RESULTS: It was observed that Shb knockout BCR-ABL-transformed bone marrow cells produced a disease with death occurring at earlier time points compared with corresponding wild type controls due to elevated proliferation of transformed bone marrow cells. Moreover, significantly elevated interleukin-6 and granulocyte colony-stimulation factor mRNA levels were observed in Shb knockout c-Kit?+?leukemic bone marrow cells providing a plausible explanation for the concurrent peripheral blood neutrophilia. Shb knockout leukemic bone marrow cells also showed increased ability to form colonies in methylcellulose devoid of cytokines that was dependent on the concomitantly observed increased activity of FAK. Transplanting BCR-ABL-transformed Shb knockout bone marrow cells to Shb knockout recipients revealed decreased disease latency without neutrophilia, thus implicating the importance of niche-derived cues for the increase of blood granulocytes.
CONCLUSIONS: Absence of Shb accelerates disease progression by exerting dual roles in BCR-ABL-induced leukemia: increased cell expansion due to elevated FAK activity and neutrophilia in peripheral blood, the latter dependent on the genetic background of the leukemic niche.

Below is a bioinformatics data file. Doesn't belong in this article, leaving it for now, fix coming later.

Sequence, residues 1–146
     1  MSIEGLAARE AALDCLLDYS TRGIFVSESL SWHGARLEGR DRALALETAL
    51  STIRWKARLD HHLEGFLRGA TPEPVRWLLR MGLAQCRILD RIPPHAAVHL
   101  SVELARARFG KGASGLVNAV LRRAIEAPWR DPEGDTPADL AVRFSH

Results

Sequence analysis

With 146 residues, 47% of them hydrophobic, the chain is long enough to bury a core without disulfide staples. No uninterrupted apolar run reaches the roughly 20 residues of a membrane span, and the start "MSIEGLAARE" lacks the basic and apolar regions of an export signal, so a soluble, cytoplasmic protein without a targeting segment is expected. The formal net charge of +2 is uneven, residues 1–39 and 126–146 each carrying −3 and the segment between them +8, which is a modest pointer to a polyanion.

PMID: 24952416 [PubMed - indexed for MEDLINE]
?-Arrestin1 promotes the progression of chronic myeloid leukaemia by regulating BCR/ABL H4 acetylation.
Br J Cancer. 2014 Jul 29;111(3):568-76
Authors: Qin R, Li K, Qi X, Zhou X, Wang L, Zhang P, Zou L
BACKGROUND: ?-Arrestins are scaffold proteins that interact with various cellular signals. Although ?-arrestin2 mediates the initiation and progression of myeloid leukaemia, the critical role of ?-arrestin1 in the chronic myeloid leukaemia (CML) is still unknown. The aim of this study is to investigate the essential function of ?-arrestin1 in CML.
METHODS: The expressions of ?-arrestin1 and BCR/ABL in CML patients, animal models and K562 cells were measured by RT-PCR, immunofluorescence and western blotting. The effect of ?-arrestin1 on CML animal models and K562 cells by colony formation, MTT and survival analysis were assessed. BCR/ABL H4 acetylation was analysed through the use of Chromatin-immunoprecipitation (ChIP) -on-chip and confirmed by ChIP respectively. Co-immunoprecipitation and confocal were examined for the binding of ?-arrestin1 with enhancer of zeste homologue 2 (EZH2).
RESULTS: The higher expression of ?-arrestin1 is positively correlated with clinical phases of CML patients. Depletion of ?-arrestin1 decelerates progression of K562 and primary cells, and increases survival of CML mice. Importantly, silenced ?-arrestin1 results in the decrease of BCR/ABL H4 acetylation level in K562 cells. Further data illustrate that nuclear ?-arrestin1 binds to EZH2 to mediate BCR/ABL acetylation and thus regulates cell progression in K562 cells and the survival of CML mice.